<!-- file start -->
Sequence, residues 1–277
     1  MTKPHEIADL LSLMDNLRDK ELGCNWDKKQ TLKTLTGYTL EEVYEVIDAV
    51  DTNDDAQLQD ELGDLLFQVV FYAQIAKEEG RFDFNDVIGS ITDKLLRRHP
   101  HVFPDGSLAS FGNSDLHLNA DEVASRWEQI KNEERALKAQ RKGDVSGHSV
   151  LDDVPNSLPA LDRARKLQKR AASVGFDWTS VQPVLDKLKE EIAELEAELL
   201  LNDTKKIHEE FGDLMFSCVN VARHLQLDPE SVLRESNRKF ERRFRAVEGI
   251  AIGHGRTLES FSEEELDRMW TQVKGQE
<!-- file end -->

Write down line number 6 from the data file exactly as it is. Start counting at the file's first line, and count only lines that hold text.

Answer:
   201  LNDTKKIHEE FGDLMFSCVN VARHLQLDPE SVLRESNRKF ERRFRAVEGI